Etymology
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skip (v.)

c. 1300, "to spring lightly," also "to jump over," probably from a Scandinavian source such as Old Norse skopa "to take a run," Middle Swedish skuppa "to skip, leap," from Proto-Germanic *skupan (source also of Middle Swedish skuppa, dialectal Swedish skopa "to skip, leap"). Related: Skipped; skipping.

Meaning "omit intervening parts" first recorded late 14c. Meaning "fail to attend" is from 1905. Meaning "to cause to skip or bound" is from 1680s. The custom of skipping rope has been traced to 17c.; it was commonly done by boys as well as girls until late 19c.

skip (n.1)

"a spring, a bound," early 15c., from skip (v.). Meaning "a passing over or disregarding" is from 1650s.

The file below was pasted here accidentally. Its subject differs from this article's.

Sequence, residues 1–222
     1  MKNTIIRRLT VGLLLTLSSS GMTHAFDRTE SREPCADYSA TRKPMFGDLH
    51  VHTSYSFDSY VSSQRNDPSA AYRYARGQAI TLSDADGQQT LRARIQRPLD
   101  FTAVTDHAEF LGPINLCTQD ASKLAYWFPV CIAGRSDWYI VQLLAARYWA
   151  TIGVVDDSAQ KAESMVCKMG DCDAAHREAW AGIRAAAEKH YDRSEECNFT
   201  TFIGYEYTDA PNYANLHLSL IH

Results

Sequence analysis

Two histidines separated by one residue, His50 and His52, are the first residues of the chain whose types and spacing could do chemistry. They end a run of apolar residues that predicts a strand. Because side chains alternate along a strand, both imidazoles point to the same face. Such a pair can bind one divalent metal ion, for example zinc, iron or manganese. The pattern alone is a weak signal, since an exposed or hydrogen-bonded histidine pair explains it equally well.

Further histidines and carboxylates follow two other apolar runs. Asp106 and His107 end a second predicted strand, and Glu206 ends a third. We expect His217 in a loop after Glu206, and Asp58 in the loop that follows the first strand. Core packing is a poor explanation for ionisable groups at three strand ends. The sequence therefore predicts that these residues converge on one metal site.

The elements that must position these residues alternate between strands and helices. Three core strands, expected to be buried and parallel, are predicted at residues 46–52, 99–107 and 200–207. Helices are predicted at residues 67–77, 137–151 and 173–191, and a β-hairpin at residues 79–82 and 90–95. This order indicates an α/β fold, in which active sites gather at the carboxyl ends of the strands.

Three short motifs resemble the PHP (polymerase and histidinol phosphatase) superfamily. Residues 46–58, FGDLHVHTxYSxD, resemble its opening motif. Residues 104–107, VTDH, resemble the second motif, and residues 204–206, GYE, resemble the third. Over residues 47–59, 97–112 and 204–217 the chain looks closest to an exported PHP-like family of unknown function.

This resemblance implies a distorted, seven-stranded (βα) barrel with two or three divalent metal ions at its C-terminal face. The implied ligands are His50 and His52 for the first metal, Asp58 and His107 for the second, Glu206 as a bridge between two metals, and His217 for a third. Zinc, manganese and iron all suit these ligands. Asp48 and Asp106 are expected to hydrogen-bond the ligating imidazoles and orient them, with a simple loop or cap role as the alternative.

skip (n.2)

short for skipper (n.1), 1830, originally in sports jargon (curling).

updated on April 06, 2014

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Definitions of skip from WordNet
1
skip (v.)
bypass;
He skipped a row in the text and so the sentence was incomprehensible
Synonyms: jump / pass over / skip over
skip (v.)
intentionally fail to attend;
Synonyms: cut
skip (v.)
jump lightly;
Synonyms: hop / hop-skip
skip (v.)
leave suddenly;
skip town
Synonyms: decamp / vamoose
skip (v.)
bound off one point after another;
Synonyms: bound off
skip (v.)
cause to skip over a surface;
Synonyms: skim / skitter
2
skip (n.)
a gait in which steps and hops alternate;
skip (n.)
a mistake resulting from neglect;
Synonyms: omission
From wordnet.princeton.edu, not affiliated with etymonline.